And one summer…at accordion camp….
So through the wonders of social media, I was able to snag an invite to a kick-ass, week-long private party that I shall forever more refer to as accordion camp. I’ll never fully understand how I wrangled this much sought after invite, but I will be endlessly grateful to the accordion gods (and my new BFF James) for making it so.
Picture this: a small vacation home on Cape Cod filled with friendly, funny, and fun musical folk. Add to that a solid week (morning, noon, and night) of hearing the strains of accordion (and occasionally trumpet and flute) music so beautiful that it nearly made me weep. Seriously—I heard jigs or waltzes while I was brushing my teeth or drinking my coffee.
But it wasn’t just the music…it was the people who made it. It felt less like a random collection of folks who loosely knew each other, than it did a group of dear friends who had liked and known each other for a very long time.
Crazy good it was.
But so were the skill levels of most of the folks there. If you’re me, the problem with playing (or trying to play) with folks that good is that you’re inclined to throw your accordion in the depths of your closet and never retrieve it again. I mean, why bother? The other alternative is to learn from the generous and talented souls you have recently become acquainted with and work your ass off to become a better player. I chose the latter.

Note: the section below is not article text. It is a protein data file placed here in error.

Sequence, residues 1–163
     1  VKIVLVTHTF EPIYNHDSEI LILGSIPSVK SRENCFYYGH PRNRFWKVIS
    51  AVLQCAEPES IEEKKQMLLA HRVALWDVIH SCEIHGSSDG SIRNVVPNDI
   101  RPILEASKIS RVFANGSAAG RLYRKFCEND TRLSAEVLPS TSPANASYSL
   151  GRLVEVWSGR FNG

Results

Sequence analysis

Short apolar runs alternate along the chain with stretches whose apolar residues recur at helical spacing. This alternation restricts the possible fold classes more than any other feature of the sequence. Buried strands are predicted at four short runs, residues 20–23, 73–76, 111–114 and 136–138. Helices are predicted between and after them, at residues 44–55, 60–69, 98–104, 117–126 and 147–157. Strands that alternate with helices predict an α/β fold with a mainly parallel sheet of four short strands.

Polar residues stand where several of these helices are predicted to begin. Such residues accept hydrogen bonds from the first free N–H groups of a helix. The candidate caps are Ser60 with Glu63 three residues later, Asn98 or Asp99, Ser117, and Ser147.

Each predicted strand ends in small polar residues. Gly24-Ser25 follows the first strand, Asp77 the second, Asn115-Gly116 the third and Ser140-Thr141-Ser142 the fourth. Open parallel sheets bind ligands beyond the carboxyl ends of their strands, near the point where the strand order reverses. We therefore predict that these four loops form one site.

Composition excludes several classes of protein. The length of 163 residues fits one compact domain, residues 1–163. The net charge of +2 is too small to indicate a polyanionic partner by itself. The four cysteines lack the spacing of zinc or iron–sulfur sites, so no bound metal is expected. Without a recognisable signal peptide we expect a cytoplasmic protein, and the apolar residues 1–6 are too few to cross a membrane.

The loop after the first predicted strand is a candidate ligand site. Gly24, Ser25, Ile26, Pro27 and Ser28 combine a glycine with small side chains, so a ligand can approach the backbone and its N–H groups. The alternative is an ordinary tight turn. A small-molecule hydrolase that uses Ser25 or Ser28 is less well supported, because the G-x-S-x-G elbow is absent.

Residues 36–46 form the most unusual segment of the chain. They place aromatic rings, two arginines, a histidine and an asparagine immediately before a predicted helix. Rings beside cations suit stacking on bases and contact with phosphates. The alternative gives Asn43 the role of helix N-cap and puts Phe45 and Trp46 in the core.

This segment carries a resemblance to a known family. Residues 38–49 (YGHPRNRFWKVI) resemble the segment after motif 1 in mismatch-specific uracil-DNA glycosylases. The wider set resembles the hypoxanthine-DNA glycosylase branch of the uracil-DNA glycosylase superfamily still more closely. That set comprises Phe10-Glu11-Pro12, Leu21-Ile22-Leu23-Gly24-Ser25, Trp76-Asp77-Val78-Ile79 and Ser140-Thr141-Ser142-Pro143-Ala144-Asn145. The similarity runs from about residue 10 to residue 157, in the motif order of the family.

I came late to this rodeo. I’m almost 52, and I didn’t pick up an accordion until I was 46. But I love it more than I can say, and much as I would sometimes like to, I can’t put it down—not for any length of time anyway. I plan to take full advantage of the talents of my fabulous new friends. I’ll do what they say, I’ll listen to who they tell me to, and I’ll practice every day. And I’m pretty sure I’ll get better. It’s just like tennis or or golf or softball or any sport for that matter. If you force yourself to play with someone far better than yourself, it will smart for a while and you’ll miss the ball and feel like a doofus, but eventually you’ll get better. Truly, you will.
This video montage gives you a tiny taste of the quality folks I hung out with all week. These are the people I learned from. I adore them.
My very talented accordion husband, Barry (not to be confused with my actual husband, Joe) also came to the party with me. He was so inspired by the magic that he composed a theme song within 48 hours after he arrived home.
In summary—just make a point to play with other people. You don’t have to get invited to a kick-ass private party on the Cape to play with other people, although I’m ridiculously delighted that I did— Thanks again, accordion gods (and James!). Just call up some musical friends and invite them over to your house.
Have fun making music with others, and keep getting better. We’ll do it together.